The successor to ShoreBank, the high-profile urban community lender that failed in August 2010, finally got its loan machine working last year.
Urban Partnership Bank, based on Chicago's South Side, blew through its $26 million loan-origination goal for 2012, lending $35 million to small businesses and real estate investors on the city's South and West sides.
The $1.1 billion-asset bank, which employs 311, has set a $42 million lending goal for 2013. Bank executives said they continue to be cautious yet are finding opportunities in neighborhoods that have been devastated economically and are suffering through a rash of gun violence that has made national headlines.
The good news: “We think fundamentals are stabilizing in our neighborhoods,” CEO William Farrow said in an interview.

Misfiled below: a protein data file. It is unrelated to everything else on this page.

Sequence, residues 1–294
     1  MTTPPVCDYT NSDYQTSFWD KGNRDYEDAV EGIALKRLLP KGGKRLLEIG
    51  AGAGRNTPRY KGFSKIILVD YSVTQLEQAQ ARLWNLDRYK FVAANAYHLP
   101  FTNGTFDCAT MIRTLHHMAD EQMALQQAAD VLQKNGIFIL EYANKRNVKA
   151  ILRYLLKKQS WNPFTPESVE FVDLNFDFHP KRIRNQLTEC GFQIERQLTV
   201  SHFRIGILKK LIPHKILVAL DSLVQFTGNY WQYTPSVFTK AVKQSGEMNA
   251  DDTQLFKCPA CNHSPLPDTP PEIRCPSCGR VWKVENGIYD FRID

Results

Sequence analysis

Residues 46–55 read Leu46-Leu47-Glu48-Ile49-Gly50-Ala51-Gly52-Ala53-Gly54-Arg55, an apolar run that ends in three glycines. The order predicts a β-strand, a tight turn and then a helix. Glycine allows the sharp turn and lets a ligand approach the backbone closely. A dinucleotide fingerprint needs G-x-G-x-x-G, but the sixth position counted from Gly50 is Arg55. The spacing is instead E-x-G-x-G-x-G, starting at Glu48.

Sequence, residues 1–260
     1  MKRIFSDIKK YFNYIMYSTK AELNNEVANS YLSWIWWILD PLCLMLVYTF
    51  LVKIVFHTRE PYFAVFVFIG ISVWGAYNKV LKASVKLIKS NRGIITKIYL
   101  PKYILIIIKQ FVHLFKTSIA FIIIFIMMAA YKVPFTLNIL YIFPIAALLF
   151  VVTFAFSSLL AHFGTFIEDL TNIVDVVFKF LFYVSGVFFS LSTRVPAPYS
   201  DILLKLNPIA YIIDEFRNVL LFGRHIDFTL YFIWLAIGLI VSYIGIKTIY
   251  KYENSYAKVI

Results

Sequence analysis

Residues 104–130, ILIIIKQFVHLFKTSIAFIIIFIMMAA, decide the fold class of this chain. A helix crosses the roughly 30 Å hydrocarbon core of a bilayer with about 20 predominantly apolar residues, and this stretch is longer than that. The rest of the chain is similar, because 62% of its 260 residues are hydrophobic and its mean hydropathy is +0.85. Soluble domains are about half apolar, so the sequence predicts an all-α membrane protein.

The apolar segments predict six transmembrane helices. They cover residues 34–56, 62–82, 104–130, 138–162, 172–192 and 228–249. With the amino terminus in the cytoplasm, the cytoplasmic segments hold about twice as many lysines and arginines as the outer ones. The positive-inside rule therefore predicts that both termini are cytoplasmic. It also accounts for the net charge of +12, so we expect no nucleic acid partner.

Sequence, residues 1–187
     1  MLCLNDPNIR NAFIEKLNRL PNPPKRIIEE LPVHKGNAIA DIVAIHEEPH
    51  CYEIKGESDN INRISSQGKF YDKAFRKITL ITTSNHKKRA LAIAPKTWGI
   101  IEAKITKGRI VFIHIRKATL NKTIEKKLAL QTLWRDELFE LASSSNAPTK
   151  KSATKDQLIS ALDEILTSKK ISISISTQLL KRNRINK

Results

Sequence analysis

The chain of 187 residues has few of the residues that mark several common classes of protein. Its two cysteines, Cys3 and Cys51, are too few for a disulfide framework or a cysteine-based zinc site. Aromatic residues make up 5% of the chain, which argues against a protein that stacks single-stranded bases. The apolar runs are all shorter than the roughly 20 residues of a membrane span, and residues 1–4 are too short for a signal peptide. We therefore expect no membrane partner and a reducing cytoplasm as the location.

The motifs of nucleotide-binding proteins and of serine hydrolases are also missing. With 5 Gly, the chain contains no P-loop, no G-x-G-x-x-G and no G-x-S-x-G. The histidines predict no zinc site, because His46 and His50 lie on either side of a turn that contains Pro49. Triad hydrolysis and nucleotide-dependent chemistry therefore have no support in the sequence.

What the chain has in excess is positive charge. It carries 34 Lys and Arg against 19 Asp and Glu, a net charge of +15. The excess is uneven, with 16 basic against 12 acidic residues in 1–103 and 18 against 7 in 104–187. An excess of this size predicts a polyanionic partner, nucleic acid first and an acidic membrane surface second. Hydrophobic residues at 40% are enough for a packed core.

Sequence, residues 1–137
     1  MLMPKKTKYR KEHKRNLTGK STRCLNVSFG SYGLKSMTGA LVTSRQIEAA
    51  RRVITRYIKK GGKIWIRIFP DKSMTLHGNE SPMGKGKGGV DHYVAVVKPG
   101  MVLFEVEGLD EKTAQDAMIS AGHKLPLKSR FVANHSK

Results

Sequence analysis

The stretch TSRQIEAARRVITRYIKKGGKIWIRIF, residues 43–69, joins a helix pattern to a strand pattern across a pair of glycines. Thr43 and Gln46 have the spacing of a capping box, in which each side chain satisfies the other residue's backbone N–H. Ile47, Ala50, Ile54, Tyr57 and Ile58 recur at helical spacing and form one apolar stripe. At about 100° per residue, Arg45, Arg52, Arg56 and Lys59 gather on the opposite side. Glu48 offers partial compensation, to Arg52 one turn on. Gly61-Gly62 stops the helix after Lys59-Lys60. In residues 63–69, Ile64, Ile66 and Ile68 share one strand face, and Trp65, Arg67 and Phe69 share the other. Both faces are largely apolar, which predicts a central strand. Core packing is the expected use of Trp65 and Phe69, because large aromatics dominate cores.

But Mr. Farrow's isn't sugarcoating the situation: “As a friend recently said, he could buy his parents' house for the same price they paid in 1963.”
Loans to small businesses such as day care providers, security firms, food-service companies and restaurants make up about 60 percent of Urban Partnership Bank's volume right now. The remainder is commercial real estate loans to apartment rehabbers and investors in single-family homes as Chicago's mainly African-American neighborhoods on the South and West sides begin the long recovery from a housing bust that was significantly deeper than better-off areas experienced.
Wednesday, February 6, 2013
Crain's: How ShoreBank's successor is digging out
shaking out since they took over for the former ShoreBank:
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